Friday, August 1, 2014
 

Revealing Paris Through Velib Data

A very interesting project by Fabien Girardin from the Interactive Technologies Group at the Universitat Pompeu Fabra in Barcelona

Velib is a community bicycle rental service in Paris (similar to the Vélo’v service in Lyon and Bicing in Barcelona). The stations deployed in the city offer bikes people can use for their small and medium daily routes within the city.
[...] As follow-up to the work on Bicing in Barcelona, Mathieu Arnold granted us access to  the infrastructure status (i.e. number of available bikes for each station) over several weeks. The resulting animation shows the spatio-temporal state of the system and the mobility patterns of its users. One intention behind these visualisation is to explore how accumulated data can help people to grasp the availability and quality of the system over space and time (e.g. do not expect to encounter available bikes the different neighborhoods at certain hours). In addition we aim at revealing Paris, the life of its different neighborhoods, specific areas, their topologies and dynamics through its bike system.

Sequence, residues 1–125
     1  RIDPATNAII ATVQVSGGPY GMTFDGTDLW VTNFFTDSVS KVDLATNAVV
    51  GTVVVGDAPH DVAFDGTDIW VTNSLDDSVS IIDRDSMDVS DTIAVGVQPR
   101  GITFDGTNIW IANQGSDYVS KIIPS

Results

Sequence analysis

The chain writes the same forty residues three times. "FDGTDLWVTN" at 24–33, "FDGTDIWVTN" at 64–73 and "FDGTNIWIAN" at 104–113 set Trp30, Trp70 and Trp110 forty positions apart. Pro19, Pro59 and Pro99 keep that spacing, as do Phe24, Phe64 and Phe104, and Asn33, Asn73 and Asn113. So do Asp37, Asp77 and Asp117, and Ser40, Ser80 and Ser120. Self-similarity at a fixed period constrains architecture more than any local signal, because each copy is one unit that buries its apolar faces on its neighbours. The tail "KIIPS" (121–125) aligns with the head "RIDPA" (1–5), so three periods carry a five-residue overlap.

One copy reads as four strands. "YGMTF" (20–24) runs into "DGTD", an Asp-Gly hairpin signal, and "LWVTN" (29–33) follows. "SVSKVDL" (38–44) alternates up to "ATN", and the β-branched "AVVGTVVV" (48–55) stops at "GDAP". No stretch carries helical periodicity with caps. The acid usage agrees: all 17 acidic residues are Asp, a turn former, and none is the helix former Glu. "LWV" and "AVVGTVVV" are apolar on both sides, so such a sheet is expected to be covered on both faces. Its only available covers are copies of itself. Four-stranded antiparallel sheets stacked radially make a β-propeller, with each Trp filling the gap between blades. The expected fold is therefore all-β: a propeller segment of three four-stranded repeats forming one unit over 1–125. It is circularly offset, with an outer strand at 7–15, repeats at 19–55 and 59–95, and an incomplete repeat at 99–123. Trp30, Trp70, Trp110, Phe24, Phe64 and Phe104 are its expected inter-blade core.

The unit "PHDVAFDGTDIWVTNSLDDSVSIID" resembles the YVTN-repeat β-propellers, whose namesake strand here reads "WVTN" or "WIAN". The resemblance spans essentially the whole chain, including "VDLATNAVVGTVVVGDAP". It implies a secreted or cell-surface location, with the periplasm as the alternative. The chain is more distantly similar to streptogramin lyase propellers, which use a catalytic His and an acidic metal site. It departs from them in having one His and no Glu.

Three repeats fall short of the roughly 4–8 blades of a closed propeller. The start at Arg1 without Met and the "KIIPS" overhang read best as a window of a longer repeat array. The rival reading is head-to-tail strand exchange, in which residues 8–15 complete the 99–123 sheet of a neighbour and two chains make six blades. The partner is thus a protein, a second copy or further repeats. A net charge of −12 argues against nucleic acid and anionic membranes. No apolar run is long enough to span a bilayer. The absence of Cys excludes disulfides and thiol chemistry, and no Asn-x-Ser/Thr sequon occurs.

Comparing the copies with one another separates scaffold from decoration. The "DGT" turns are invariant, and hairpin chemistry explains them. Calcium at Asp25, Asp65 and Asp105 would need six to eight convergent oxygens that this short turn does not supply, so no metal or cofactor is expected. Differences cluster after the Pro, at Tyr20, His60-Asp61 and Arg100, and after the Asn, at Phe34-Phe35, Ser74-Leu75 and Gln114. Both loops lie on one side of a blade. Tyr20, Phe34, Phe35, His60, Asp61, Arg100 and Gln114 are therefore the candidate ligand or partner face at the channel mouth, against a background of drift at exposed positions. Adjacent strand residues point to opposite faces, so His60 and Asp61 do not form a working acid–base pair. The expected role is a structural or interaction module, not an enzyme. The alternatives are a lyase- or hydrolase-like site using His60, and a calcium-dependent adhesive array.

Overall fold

The animation of these spatio-temporal data reveals the “pulse” of the Velib’ system over a full day (February 10, 2008) based on the number of bikes available at each station.

I find Fabien’s work a good example of “making sense of space” in action. It makes me think of Lynch’s notion of “imageability”. Also of Dan Hill’s ideas on urban computing and services and Kazys Varnelis’ recent article on “The invisible city” highlighting the increasing reliance on maps to understand our new reality and the opportunities for designers in developing this new language.

 

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A research blog about interaction, design research, urban informatics, ambient computing, visualisation, emerging technologes and their impact on the built environment.

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This is a blog by Gonzalo Garcia-Perate a PhD researcher at The Bartlett, looking at adaptive ambient information in urban spaces.

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